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The current in a wire is defined as the derivative of the charge: $ I(t) = Q'(t) $. (See Example 3.7.3.) What does $ \displaystyle \int^b_a I(t) \, dt $ represent?

The amount of charge (number of electrons) that pass through an intersection of the wire from time a to time b.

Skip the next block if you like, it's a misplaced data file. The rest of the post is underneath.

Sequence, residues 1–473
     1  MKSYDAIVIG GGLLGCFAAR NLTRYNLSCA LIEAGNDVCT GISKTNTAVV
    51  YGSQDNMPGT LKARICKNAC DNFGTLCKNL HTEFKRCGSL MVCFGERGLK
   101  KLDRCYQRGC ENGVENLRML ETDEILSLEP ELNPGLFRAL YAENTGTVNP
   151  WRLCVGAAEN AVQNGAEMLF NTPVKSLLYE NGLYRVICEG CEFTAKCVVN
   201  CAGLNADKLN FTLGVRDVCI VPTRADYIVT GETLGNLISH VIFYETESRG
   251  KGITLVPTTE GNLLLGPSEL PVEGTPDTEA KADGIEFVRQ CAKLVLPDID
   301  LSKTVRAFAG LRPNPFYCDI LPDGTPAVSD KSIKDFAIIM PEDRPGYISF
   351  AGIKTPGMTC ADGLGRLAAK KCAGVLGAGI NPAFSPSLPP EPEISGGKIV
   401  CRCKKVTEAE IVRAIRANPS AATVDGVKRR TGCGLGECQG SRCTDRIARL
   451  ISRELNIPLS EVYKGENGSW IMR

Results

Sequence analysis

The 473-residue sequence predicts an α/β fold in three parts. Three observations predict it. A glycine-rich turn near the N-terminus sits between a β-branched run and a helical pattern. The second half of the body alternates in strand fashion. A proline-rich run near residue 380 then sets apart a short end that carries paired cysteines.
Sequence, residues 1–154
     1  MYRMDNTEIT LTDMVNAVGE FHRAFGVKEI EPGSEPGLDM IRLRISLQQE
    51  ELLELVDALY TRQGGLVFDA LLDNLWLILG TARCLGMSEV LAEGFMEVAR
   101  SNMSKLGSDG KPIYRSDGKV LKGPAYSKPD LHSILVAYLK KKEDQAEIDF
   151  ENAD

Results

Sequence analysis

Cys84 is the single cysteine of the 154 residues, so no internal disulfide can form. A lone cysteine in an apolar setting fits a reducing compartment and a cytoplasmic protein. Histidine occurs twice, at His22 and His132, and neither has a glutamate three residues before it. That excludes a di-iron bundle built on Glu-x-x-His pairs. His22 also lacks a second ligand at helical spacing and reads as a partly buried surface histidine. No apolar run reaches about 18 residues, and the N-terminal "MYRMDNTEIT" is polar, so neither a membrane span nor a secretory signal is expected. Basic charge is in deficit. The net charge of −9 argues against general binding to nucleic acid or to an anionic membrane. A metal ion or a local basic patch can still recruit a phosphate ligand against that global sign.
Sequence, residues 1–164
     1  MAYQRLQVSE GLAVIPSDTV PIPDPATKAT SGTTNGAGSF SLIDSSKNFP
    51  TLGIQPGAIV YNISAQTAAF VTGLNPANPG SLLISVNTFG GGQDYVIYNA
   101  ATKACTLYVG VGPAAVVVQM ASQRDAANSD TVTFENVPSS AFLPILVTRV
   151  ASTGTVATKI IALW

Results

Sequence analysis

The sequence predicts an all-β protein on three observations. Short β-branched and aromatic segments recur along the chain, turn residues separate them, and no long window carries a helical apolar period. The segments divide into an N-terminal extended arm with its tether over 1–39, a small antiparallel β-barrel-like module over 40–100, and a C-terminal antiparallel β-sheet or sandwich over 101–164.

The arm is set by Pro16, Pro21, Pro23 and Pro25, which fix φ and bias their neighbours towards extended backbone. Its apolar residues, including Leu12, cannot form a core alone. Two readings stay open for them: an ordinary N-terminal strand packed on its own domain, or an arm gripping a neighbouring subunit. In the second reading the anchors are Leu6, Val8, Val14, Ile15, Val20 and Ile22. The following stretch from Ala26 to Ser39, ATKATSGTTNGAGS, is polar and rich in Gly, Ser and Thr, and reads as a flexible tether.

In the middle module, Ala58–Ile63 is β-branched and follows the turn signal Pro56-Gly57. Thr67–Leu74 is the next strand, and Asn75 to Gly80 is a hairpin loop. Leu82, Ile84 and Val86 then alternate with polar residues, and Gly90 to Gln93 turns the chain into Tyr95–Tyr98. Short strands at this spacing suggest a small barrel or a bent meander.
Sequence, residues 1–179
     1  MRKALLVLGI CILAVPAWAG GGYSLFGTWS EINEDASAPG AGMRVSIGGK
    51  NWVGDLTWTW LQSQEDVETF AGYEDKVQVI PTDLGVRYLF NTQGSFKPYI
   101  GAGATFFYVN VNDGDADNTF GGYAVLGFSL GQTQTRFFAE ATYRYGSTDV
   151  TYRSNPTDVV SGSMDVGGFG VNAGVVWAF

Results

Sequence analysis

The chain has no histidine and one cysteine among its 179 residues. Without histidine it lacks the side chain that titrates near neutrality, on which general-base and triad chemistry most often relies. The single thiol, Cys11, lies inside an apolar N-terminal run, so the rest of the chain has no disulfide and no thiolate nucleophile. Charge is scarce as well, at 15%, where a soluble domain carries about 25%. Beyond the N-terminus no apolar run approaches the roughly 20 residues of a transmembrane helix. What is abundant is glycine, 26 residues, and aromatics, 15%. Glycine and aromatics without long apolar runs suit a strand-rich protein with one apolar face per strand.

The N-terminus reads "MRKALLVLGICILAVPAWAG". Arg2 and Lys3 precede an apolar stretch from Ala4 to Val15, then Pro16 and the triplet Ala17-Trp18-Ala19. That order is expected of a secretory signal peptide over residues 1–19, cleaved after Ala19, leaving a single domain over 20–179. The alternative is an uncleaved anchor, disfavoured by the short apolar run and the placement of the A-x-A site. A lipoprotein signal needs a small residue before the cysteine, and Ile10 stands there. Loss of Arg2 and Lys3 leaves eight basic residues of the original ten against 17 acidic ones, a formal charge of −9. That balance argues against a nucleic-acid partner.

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remember, in this context, I of tea is equivalent to Q prime of teeth, and we know the integral from A to B of I of T D T is equivalent to being to grow from A to B of Q prime of T D T, which is equivalent to queue of B minus. Q of A. That's the fundamental theme of calculus. So what? This means that this represents the change in amount of the charge from time of a two time of B, so the amount of charge number electrons that pastor intersection of the wire from time to time be.